The tale of this transformation lacks tension, however, since we never see Nancy in her world but only hear, at second hand, her not very distinctive voice within Strean's book-lined walls. Such is the nature of psychoanalysis, "the talking cure," and although analyst and patient may perceive the process as intensely dramatic, Strean never quite brings it alive for the reader/dropper/voyeur.
On the contrary, since the same issues arise repeatedly and provoke similar reflections each time, the effect is static. On returning to Nancy after one summer vacation, for instance, Strean reports his feelings in almost precisely the same words he used the year before, right down to the threat he recalls his mother making: "Herby, do what I say or you'll be in deep trouble!" "Oh dear, poor Herby," a reader is likely to sigh at this point, "he doesn't seem to be making much progress at all."
A self-confessed "compulsive workhorse," Strean once asked his own analyst: "You mean if I don't write a book a year, you'll still respect me?" He confides that this year's book, "as I realized while writing it, is my way of holding on to the memory of Nancy." For a complex of reasons, then, Strean felt compelled to write "The Severed Soul." You need not, however, feel similarly compelled to read it.
Instead, if you enjoy the psychoanalytic method, you might try Alice Miller's slender book of essays, "The Untouched Key." Miller's premise resembles Strean's: that trauma experienced in childhood, if not permitted free expression, will cause potentially deadly psychic pain. Rather than presenting a case study, however, Miller takes the more characteristically European approach of textual analysis.
In the light of what biographical material she can find ("biographers are seldom interested in their subjects' childhood," she notes), she reads the work of a variety of literary and artistic figures in terms of their early traumatic experiences. Her subjects include painters Pablo Picasso, Kathe Kollwitz and Chaim Soutine, comedian Buster Keaton, and philosopher Friedrich Nietzsche. Crucial to the individual's ability to turn painful experiences to creative rather than destructive ends, she finds, is the presence of "a sympathetic and helpful witness who confirmed the child's perceptions, thus making it possible for him to recognize that he had been wronged."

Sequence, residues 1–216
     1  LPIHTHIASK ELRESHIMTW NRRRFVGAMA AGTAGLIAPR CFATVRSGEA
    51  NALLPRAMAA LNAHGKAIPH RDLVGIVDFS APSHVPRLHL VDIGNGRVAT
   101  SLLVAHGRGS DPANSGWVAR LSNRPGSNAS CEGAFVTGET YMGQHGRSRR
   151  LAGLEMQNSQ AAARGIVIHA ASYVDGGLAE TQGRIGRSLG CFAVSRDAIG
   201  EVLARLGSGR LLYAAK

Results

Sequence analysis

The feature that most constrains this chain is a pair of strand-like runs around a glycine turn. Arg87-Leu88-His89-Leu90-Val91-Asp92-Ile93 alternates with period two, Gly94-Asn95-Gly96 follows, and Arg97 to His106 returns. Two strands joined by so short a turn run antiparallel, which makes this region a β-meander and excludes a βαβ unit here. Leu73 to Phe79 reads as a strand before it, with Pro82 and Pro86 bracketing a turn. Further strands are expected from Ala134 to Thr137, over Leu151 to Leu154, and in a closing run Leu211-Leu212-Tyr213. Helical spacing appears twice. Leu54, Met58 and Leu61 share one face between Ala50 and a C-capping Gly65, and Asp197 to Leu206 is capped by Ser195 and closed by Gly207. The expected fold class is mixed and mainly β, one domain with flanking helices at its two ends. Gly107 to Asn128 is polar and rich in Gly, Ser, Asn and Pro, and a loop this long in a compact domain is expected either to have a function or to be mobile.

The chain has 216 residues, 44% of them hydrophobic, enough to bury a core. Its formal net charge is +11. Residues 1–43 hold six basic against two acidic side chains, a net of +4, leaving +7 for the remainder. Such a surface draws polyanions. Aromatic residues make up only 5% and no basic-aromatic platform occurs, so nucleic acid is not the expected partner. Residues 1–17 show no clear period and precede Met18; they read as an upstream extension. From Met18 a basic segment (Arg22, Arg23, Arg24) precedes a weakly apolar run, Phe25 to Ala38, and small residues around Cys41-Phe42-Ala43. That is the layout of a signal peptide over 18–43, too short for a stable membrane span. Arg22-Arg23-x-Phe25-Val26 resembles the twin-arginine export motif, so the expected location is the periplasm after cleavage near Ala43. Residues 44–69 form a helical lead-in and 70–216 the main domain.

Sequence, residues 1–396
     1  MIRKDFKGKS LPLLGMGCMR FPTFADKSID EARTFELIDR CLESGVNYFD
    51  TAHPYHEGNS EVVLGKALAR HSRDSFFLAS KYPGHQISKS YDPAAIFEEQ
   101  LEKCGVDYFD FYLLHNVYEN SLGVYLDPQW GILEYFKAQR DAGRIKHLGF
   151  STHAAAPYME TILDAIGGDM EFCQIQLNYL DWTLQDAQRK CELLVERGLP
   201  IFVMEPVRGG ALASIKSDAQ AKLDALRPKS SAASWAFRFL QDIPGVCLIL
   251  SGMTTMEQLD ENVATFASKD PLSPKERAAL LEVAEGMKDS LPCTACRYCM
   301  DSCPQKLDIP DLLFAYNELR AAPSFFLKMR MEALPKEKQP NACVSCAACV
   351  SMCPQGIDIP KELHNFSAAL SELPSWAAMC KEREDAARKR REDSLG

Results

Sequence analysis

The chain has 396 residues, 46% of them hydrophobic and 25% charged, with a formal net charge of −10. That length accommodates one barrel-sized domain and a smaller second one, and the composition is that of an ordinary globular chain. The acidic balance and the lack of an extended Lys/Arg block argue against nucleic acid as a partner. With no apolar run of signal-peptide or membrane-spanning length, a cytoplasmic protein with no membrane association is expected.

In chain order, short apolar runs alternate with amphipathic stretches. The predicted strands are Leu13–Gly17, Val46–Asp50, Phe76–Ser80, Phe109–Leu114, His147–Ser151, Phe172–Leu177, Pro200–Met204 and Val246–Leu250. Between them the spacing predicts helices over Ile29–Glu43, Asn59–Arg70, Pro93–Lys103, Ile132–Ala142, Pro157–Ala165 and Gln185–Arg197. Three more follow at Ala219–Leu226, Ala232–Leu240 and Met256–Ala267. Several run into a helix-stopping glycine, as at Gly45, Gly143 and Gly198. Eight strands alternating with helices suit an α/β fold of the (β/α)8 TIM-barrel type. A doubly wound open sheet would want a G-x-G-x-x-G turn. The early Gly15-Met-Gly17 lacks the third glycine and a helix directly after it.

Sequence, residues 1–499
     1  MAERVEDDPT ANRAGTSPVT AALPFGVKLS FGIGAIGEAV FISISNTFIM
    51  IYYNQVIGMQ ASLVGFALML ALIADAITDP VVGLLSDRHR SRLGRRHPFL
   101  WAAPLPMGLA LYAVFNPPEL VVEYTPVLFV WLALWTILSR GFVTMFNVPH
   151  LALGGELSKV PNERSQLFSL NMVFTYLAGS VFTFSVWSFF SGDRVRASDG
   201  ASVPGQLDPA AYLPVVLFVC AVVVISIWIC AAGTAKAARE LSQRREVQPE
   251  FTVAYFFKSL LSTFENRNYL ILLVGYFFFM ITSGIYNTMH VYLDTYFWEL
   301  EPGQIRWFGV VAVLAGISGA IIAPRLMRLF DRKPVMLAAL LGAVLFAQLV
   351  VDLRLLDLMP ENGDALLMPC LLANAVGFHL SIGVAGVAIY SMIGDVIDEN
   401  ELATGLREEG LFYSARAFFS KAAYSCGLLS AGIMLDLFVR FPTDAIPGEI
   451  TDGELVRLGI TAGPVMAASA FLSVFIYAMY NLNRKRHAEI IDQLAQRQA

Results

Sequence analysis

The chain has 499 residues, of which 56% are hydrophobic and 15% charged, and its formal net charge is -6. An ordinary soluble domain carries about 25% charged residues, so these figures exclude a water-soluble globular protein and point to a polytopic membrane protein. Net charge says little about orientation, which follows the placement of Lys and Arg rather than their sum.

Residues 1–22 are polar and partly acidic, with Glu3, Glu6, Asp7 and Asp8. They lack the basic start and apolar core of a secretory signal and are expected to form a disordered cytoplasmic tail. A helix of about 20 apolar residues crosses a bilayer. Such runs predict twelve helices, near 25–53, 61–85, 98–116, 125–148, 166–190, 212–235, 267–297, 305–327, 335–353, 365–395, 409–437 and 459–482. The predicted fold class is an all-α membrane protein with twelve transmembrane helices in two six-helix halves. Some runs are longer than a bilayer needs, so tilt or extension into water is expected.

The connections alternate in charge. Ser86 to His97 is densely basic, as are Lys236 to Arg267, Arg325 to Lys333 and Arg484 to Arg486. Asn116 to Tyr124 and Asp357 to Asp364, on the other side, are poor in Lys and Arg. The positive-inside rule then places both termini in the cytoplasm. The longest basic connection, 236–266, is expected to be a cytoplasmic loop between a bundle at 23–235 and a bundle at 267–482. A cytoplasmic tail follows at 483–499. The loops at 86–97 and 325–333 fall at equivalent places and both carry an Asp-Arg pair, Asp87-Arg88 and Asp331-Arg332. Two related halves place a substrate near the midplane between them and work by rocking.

The consequences of a child's feelings of powerlessness and guilt that most concern Miller are not individual but social. The repression of those feelings, in order to preserve "the illusion of a strong and wise and benevolent father," leads to quiescence in the face of the evils perpetuated by society's "fathers," that is, those in positions of power, who are intent on waging war.
Through a rereading of the myth of Abraham and Isaac, Miller urges "children" to question these figures and reject their destructive behaviors: "The new Isaac--with his questions, with his awareness, with his refusal to let himself be killed--not only saves his own life but also saves his father from the fate of becoming the unthinking murderer of his child."
The pieces in "The Untouched Key" are too sketchy to be fully satisfying, but they stimulate the reader to thicken their texture with her own reflections. It's refreshing to be released from the couch, from the office, from the need to make par on that tricky fourth hole, into a world that depends on our psychological and thus our moral health for its saving.